Kente Festival marked in style This year’s Agbamevorza (Kente Festival) of the chiefs and people of the Agotime-Ziope Traditional Area was marked in grand style with an exhibition of beautiful Kente designs. It was, indeed, a day for Kente, as the indigenes, tourists and visitors who thronged the durbar ground were dressed smartly in Kente […]
It is worn by almost every Ghanaian tribe. The name is derived from the word kenten, which means basket in Akan dialect Asante. Akans refer to kente as nwentoma, meaning woven cloth. Throughout the ages it has become widely acclaimed and accepted by the populace as well as those in the diaspora. Watch how weavers […]
Kente cloth is a legendary fabric worn by African kings down the centuries. The cloth is still made in the traditional way in Adanwomse in the Ashanti region of Ghana. Kente is worn not only for its eye- catching designs but also for its symbolic significance. There are over 300 patterns, each with its own name and […]
Kente cloth is deeply intertwined with the history of the Ashanti nation. The Ashanti Empire or Confederacy, which was located in what is today Ghana, first emerged in West Africa during the seventeenth century. The Ashanti are members of the Akan people who speak the Akan or Ashanti dialect. The word “Kente” which means basket […]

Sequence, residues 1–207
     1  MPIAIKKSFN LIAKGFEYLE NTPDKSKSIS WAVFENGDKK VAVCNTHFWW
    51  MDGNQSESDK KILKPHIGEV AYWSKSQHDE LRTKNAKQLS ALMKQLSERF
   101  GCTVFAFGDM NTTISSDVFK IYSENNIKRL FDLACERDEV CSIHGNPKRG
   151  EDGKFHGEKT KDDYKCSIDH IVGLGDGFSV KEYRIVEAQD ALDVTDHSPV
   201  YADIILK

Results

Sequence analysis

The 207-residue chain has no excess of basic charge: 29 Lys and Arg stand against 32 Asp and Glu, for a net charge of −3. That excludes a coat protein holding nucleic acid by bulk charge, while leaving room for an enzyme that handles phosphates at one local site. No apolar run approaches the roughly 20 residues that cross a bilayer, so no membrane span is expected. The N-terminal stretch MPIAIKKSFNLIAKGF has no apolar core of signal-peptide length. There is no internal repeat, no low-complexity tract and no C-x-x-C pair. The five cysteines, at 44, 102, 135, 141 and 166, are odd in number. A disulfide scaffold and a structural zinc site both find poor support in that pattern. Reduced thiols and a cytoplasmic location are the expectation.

This is Black and White cotton hand woven fabric produced from a traditional hand made loom. The finished product “NWENTOMA” comes in various shapes and forms but all in two colors i.e., black and white.
The function of the five weaving houses of Adanwomase is yet another demonstration of how Kente cloth is connected to the Asante Monarchy.
Kente, known as nwentom in Akan, is a type of silk and cotton fabric made of interwoven cloth strips made and native to the Akan…
The inhabitants of Adanwomase knew this as far back in 1937 and built its own community school by using thatched structure and ran it. However, its erratic nature came to an end in 1939 when Catholicism or the catholic (faith) church Before the year 1960 and after, many scholars had sprung up in Adanwomase.
Today you hear of Adanwomase and Bonwire as the Kente weaving towns of Asante, take a breath, it wasn’t like that in the past. The four original weaving enclaves were Adanwomase Asotwe, Bonwire and Mampong Beposo.